The Plesiosaurs were Mesozoic marine reptiles that arose in the Late Triassic or Early Jurassic and persisted till the Late Cretaceous. They were related to modern lizards and snakes, but were fully aquatic, the largest species reaching 15 m in length. All species seem to have been strict carnivores, and at least one species gave birth to live young. Plesiosaurs are thought to have been fully aquatic from their first appearance; they are thought to have evolved from Nothosaurs, a group of semi-aquatic marine Reptiles. The term Sauropterygians is used to include the Nothosaurs and the Pliosaurs, plus the Pachypleurosaurs; Lizard-like aquatic Reptiles. The Sauropterygians are considered to be the sister group of the Squamates - Snakes and Lizards.
In a paper published in the Journal of Systematic Palaeontology on 11 December 2012, Roger Benson of the Department of Earth Sciences at the University of Cambridge, Hilary Ketchum of the University Museum of Zoology at the University of Cambridge, Darren Naish of the School of Earth & Environmental Sciences at the University of Portsmouth and the National Oceanography Centre at the University of Southampton and Langan Turner, also of the School of Earth & Environmental Sciences at the University of Portsmouth, describe a new species of Plesiosaur from the Early Cretaceous the Shepherds Chine Member of the Vectis Formation at Shepherds Chine, in Brighstone Bay on the south-west coast of the Isle of Wight.
The specimen is considered to be a member of the Leptocleidia, a poorly understood group of Cretaceous Plesiosaurs, of somewhat uncertain affinities. It is named Vectocleidus pastorum, where ‘Vectocleidus’ derives from a combination of Vectis, the Latin name for the Isle of Wight, and Leptocleidus, the first described species of the Leptocleidia, and ‘pastorum’ is Latin for ‘Shepherds’, a reference to the location where the specimen was found.
The specimen comprises three blocks, recovered separately by different collectors, upon which a partial post-cranial skeleton is preserved.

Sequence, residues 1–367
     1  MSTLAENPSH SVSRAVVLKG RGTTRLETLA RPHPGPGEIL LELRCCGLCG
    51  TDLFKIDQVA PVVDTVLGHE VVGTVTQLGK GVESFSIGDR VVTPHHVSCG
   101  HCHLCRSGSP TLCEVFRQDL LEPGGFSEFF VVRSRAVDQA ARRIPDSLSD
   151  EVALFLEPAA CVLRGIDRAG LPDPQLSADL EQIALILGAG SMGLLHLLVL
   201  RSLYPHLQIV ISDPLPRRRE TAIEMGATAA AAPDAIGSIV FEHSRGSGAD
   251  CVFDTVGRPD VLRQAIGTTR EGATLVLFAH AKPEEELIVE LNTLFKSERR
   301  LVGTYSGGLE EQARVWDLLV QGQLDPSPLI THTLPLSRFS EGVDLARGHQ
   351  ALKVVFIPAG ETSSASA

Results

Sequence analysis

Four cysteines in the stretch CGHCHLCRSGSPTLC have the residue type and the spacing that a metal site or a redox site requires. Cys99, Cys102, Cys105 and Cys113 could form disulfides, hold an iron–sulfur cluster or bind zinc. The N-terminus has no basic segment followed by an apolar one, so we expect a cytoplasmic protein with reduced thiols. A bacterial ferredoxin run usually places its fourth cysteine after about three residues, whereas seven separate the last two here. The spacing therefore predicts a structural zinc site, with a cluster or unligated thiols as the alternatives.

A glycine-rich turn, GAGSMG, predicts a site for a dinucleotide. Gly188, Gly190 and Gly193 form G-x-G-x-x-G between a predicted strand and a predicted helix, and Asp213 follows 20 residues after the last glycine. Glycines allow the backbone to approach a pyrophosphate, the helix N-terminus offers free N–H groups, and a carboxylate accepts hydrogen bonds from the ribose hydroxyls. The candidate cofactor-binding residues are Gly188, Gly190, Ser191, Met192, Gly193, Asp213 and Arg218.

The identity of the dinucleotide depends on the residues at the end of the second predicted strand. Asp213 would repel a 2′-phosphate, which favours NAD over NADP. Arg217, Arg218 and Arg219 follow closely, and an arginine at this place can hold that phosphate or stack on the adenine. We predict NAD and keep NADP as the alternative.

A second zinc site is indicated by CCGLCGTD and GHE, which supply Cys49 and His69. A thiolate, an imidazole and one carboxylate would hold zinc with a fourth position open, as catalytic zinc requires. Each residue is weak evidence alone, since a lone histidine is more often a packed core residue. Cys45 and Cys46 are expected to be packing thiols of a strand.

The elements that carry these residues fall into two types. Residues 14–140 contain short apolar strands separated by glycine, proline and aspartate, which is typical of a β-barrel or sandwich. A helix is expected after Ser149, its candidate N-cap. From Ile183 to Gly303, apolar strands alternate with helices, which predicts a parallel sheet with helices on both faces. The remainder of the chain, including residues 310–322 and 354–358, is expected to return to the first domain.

Vectocleidus pastorum; blocks one and two). In line drawing (B), grey shading indicates matrix. Abbreviations: caud. rib, caudal rib; cerv, cervical vertebra; clav, clavicle; cor, coracoid; dors, dorsal vertebra; hum, humerus; l., left; na, neural arch; pect, ‘pectoral’ (anterior dorsal) vertebra; phal, phalanx; r., right; scap, right scapula. Scale bars (in A) 100 mm. Benson et al. (2012).
The phylogenic position of the Leptocleidia is somewhat uncertain, as most known specimens are rather fragmentary; they are often considered to be Pliosaurs related to the Jurassic Rhomaleosaurids, or highly derived Plesiosaurs related to the Cretaceous Polycotylids. While Vectocleidus pastorum is known only from a single, incomplete, specimen, it is well enough preserved to exhibit clear Leptocleid affinities, as well as several features associated with highly derived Plesiosaurs. For this reason Benson et al. suggest that it supports the theory that the Leptocleids have a close affinity with the Polycotylids.
The suggested phylogenic affinities of the Leptocleids. Benson et al. (2012).
See also A Pliosaur from the Jurassic Coast of Dorset, New species of Placodont from the Middle Triassic of the Netherlands, A Plesiosaur from the Early Jurassic of Portugal, An Early Jurassic Pliosaur from Normandy and A Pregnant Plesiosaur.
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